According to new research from the Hudson Institute, not only is the broadband gap between rural and urban communities real, it will continue to grow. If not addressed, this gap will have negative impacts on both the national economy and rural communities.
Hanns Kuttner, a visiting fellow with the Hudson Institute, presented his findings at a roundtable recently in Washington, D.C. A panel of experts in rural telecommunications discussed his research and then cited the need for policy changes to counter this trend.
In his paper, “Broadband for Rural America, Economic Impacts and Economic Opportunities,” Kuttner noted that 100 percent of urban areas have access to 1.5 Mbps Internet service, compared with 95 percent of rural areas. However, that gap widens significantly as speeds increase. At 10 Mbps, about 98.7 of urban areas have access, while only 71.4 percent of rural areas do, a difference of 27.3 percent.
“Population density is the key factor impacting this gap,” said Kuttner, pointing out that India has a population density 10 times higher than that of the United States, and Europe’s population density is about five time higher. “For the most part, the United States is at the low end of the population density scale. It’s a peculiarly American problem.”
Higher Construction Costs
This low population density drives up the cost of broadband network deployments. The existing copper plant isn’t suitable for supporting broadband over the long distances needed in rural communities. Fiber is required, which in rural areas can run $10,000 to $30,000 a mile (in mostly labor costs), said Larry Thompson, CEO at Vantage Point Solutions, which performs engineering consulting for rural telecom companies. “There’s no way to economically do that from end user fees alone. How do you deploy in regions like that?”
In the past, financial mechanisms like the Universal Service Fund helped ensure that voice networks reached rural populations. Thompson, however, is pessimistic that such mechanisms as the FCC’s revamped Connect America Fund will keep pace with rural broadband needs.
“Public policy has to be focused on broadband, and there has to be a support mechanism in place,” Thompson added. “Because support is tied to voice service, we’ve been seeing a decline [in funding]. If we want to see the same success getting broadband out to everyone that we saw getting voice out to everyone…we need a support mechanism that’s comparable to historical levels.”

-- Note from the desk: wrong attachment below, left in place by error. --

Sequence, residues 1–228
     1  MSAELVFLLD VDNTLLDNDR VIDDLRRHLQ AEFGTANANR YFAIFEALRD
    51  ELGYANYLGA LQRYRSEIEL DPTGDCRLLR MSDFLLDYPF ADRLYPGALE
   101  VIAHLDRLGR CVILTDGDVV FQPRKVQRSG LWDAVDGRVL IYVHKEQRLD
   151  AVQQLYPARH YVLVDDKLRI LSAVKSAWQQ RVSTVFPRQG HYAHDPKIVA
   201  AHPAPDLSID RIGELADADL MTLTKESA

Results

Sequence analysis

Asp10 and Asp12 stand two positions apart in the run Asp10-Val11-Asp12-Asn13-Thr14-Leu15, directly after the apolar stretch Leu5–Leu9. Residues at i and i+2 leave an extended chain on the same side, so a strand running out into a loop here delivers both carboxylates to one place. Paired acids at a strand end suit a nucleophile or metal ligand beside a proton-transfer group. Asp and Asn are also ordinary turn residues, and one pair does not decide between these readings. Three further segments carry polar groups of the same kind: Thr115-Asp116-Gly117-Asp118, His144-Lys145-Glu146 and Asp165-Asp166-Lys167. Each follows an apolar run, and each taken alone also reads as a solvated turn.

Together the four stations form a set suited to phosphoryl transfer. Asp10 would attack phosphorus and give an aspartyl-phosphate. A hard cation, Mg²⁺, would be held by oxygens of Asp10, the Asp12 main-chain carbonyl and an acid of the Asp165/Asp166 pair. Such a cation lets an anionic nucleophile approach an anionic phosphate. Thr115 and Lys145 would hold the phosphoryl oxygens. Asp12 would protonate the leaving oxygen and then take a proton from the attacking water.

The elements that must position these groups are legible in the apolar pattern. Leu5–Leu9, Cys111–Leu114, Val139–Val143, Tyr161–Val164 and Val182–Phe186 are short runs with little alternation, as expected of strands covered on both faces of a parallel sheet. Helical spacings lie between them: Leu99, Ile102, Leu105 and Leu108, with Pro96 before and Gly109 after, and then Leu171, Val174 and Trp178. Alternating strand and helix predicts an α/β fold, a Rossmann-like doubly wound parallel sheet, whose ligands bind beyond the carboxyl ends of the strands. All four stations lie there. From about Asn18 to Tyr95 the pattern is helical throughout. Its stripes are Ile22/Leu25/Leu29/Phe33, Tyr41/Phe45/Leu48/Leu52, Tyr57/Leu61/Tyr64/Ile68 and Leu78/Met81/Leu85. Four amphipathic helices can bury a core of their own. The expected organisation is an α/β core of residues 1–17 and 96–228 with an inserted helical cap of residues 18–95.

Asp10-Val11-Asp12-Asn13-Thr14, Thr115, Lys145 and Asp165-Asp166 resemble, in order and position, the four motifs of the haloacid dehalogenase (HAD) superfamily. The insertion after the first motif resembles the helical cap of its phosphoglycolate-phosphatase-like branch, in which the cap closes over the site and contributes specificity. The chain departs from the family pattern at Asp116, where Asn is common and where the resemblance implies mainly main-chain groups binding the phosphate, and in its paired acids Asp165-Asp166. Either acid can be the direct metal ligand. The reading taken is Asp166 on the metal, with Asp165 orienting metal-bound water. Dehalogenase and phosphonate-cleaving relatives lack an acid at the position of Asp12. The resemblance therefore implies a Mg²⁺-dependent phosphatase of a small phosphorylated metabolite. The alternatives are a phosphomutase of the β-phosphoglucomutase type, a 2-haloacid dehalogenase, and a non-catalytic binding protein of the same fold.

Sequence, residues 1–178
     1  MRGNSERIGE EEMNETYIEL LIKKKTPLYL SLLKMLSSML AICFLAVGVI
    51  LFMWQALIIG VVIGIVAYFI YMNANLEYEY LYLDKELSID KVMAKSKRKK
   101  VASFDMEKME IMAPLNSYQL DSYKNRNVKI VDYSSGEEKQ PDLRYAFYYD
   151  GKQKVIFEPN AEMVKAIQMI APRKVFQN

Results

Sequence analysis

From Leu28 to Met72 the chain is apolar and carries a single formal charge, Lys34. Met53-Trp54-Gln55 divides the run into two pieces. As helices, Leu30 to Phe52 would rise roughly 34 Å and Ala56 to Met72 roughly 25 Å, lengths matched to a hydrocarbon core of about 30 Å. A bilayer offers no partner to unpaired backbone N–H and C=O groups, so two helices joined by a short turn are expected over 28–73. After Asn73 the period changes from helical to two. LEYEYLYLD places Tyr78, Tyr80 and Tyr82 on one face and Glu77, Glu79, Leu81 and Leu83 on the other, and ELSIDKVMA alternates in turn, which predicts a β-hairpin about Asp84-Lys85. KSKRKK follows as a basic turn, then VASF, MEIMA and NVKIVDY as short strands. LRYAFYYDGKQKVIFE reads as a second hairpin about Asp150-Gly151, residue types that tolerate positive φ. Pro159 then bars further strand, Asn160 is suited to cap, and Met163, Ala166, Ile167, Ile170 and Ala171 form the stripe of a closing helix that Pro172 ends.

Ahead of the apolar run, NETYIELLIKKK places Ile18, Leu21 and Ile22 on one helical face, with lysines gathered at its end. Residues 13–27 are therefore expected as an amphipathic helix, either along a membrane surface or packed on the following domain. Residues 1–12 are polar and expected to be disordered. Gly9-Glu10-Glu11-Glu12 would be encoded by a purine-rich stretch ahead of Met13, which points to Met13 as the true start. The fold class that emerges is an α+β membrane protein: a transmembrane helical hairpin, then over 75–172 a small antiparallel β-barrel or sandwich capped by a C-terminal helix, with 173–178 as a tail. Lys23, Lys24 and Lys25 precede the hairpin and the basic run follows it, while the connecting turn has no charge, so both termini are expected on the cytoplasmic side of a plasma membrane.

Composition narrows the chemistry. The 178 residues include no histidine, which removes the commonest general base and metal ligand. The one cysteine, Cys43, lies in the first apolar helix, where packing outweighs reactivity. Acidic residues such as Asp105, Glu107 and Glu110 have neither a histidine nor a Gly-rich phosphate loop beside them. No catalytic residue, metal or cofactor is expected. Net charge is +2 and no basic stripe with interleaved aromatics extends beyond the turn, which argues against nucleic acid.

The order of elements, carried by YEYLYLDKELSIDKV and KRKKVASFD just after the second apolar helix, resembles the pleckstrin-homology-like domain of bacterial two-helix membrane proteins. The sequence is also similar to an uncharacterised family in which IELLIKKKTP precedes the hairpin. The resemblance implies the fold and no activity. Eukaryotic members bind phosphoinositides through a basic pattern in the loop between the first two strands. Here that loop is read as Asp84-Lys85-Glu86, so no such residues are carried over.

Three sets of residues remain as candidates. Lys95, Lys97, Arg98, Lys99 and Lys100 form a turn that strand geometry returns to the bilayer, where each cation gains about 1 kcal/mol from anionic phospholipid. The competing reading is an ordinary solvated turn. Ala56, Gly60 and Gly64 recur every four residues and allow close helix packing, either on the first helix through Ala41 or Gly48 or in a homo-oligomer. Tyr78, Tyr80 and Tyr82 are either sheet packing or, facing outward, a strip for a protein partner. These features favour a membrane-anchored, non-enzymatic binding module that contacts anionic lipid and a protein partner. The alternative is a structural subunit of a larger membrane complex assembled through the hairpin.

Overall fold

“The [funding] collection mechanism is completely broken,” concurred Harold Furchtgott-Roth, Hudson Institute senior fellow and director for Hudson’s Center for Economics of the Internet; he also is a former FCC commissioner. “The FCC should have addressed this years ago. Amazingly, they have come up with a more complicated mechanism for distribution, but not collection.”
Greg Laudeman, past president of the Rural Telecom Congress and former executive director of the Tech Connect Initiative at the Georgia Tech Enterprise Innovation Institute, called for greater public/private partnerships. To lesson the rural broadband gap, there are “two key players sitting on sidelines that must be actively engaged” he said: technology companies and public universities.
Noting that technology companies like Google and Amazon are “hugely” invested in research and innovation, Laudeman called on them to educate rural communities about how to use technology to improve business opportunities.
“Technology companies need to engage with local leaders at the rural level to help them understand what this technology is and how to use it — whether in agriculture, services, or manufacturing — to economically transform how they operate,” Laudeman explained.
He also called for universities, particularly those with public outreach mandates like land grant colleges, to participate in this effort. “There’s a beautiful opportunity for collaboration to create community classrooms and laboratories to understand how we use these technologies and create competitive advantages from them,” Laudeman said. “If you gain that knowledge, you will create the demand and pull the technology much more efficiently into rural areas than if you are pushing it and taking a ‘build it, and they will come strategy.’”
Preparing for the Future
Vantage Point Solutions’ Thompson urged those building rural broadband networks to plan for higher speeds. “If by 2020, you don’t have 100 Mbps, you’ll probably be behind,” he said, pointing out that Google Fiber in Kansas City is expected to provide Internet connectivity of 1 Gbps. “Part of the problem is that what drives the bandwidth hasn’t been invented yet. If you wait to build until you see demand, especially in rural communities, you are too late. It’s a multiyear process for these companies because it’s so capital-intensive.”
— Jennifer Whalen